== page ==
tray of hot breakfast offered in first class of united flights

I enjoyed some breakfast on the flight.

With this most recent flight, he got an upgrade again and they were one seat short of upgrading me along with him. As usual, I got to take the seat up front and enjoy the meal service, snacks, and drinks. I’m pretty spoiled by him in general and this is just one of the many ways he pampers me. I love that he never hesitates to share these kinds of things with me. If we don’t get an upgraded seat, I get my beloved window and he’ll accompany me in the middle seat even though he prefers the aisle. At home, he takes care of pretty much all the chores (though I’m convinced that much of that is due to his need to clean more frequently than I – he ends up doing things before I think they need to be done). When we go out, I rarely need to bring anything other than my phone; he’ll take care of the driving and the payments and whatnot.

Even when it comes to things like my personal choices and life changes, he is strongly supportive. When I decided to go try out a job opportunity in Singapore just six months into our relationship, we found a way to stay connected through email and Skype. When I was interning, looking for a job, and then going to work after returning stateside, he opened his apartment to me. When he left to work on the east coast, he (mostly) indulged my newly-implemented 20-minute rule: every night before sleeping he had to announce he was getting ready and then spend the next 20 minutes – minimum – talking to me, no distractions. When I decided to quit my job, he understood my need to strike out on my own.

Most recently, he was the one who encouraged me to keep my name when we get married. I had been wracking my brain trying to figure out how to preserve my current identity yet meld it with his family’s (and no hyphenated names, thank you very much). I thought I shouldn’t shun all traditions, right? But then again, Chinese tradition involves no change of name either, so perhaps we are observing tradition, in a way. 😛 We’ve been together for about 6 years now and I’m so excited to call him husband soon!

plane seat decorated with blue stars and gifts for make a wish kid heading to los angeles

Mostly unrelated, but I wanted to share this from our flight… a special passenger was on our flight – a Make A Wish kid!

Confidence: the most attractive trait

laelene Posted in general blog, relationships,Tags: , , , ,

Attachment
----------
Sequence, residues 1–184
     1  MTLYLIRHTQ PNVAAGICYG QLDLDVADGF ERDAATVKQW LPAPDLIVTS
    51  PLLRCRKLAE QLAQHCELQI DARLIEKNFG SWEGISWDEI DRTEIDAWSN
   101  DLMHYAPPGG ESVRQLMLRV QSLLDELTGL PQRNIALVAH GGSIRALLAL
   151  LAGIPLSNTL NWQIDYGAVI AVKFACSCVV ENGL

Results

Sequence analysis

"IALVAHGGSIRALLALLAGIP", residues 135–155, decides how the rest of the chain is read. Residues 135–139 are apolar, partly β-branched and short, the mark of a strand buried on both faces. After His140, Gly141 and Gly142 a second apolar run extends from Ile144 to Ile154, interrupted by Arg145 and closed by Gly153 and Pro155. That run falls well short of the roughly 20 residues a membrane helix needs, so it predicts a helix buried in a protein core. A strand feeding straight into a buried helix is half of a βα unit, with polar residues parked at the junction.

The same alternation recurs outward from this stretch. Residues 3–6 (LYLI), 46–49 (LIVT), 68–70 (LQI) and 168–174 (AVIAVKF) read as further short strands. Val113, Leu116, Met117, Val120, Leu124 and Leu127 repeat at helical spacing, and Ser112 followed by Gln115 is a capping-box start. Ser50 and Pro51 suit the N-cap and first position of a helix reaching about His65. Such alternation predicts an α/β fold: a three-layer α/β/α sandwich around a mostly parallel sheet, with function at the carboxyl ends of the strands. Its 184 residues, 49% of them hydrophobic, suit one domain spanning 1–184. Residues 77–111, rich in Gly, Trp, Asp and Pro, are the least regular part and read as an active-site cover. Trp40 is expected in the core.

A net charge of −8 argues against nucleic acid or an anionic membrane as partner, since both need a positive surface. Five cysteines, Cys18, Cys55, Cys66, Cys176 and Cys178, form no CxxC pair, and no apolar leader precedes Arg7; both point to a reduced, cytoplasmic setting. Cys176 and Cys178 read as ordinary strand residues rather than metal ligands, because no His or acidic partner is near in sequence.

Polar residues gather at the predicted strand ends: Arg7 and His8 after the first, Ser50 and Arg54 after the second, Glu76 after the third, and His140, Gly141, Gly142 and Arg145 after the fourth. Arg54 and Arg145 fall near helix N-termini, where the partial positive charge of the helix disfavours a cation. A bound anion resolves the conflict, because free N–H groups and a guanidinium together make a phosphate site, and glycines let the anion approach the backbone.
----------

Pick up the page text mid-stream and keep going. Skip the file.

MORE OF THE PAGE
When I think of what attracts me to a person, the only common factor I can find is confidence. It doesn’t matter what they look like, what their experiences have been, what their heritage is, how social (or not) they are, how intelligent they are, or how much we have in common. Across the board, my closest friends have been the ones who are neither cocky nor needy. They don’t need to be aggressive, but they’ll be as assertive it takes. They stand up for their beliefs, but don’t overpower people with them either. And they certainly aren’t clingy (I can’t stand clingy behavior). They have a wonderful balanced feel that makes them easy to get along with.

That’s exactly what attracted me to Panda when I first met him. He was comfortable with himself – he knew he was good at what he does, he didn’t feel self-conscious, and he didn’t go around seeking validation. He walked with a strut that was not quite peacocking, but let his presence be known. He didn’t feel embarrassed to laugh at himself when he goofed up. He didn’t sit around worrying about what perception others had of him. He just went out and did what he is amazing at, like being an engineer, managing things, researching, and planning.

guy walking on treadmill with confident stride

His confident stride.

He didn’t even want or need a relationship when we met. He was perfectly happy with how his life was. Maybe that’s exactly what I liked. The time we spent together was not because he was dependent on me to make him feel good about himself or to have something to do with his time; we made time for each other because we wanted to be in each other’s company. I don’t do well when I feel suffocated in a relationship (romantic or platonic) and perhaps I feel so far more readily than most. But when someone wants to see me every moment of every day (or even every day, really), that’s when I feel claustrophobic. I once had a roommate like that, who tried to join me on almost all of my social activities, clinging to me and my friends. I didn’t mind inviting her to some events and having her tag along here and there, but every single time got to be too much.

I must get it from my family’s lifestyle. We don’t see each other much: my parents and I see each other about twice a year (or in passing when we lived together), my relatives in China and I see each other once every few years for a few days, and even Panda and I are often separated by thousands of miles (generally for a week at a time). In these types of arrangements, you need to have the confidence to carry on your own life when others are not around and not a constant presence. While I don’t think you should “need” anyone as an adult, it sure is good to want certain people. If the reasons you spend time with them are because you like them and you get along well, it’s far more rewarding than because you feel obligated or guilty to do so. I certainly don’t want to get stuck in those situations, where the connection isn’t genuine. Why waste each other’s* time?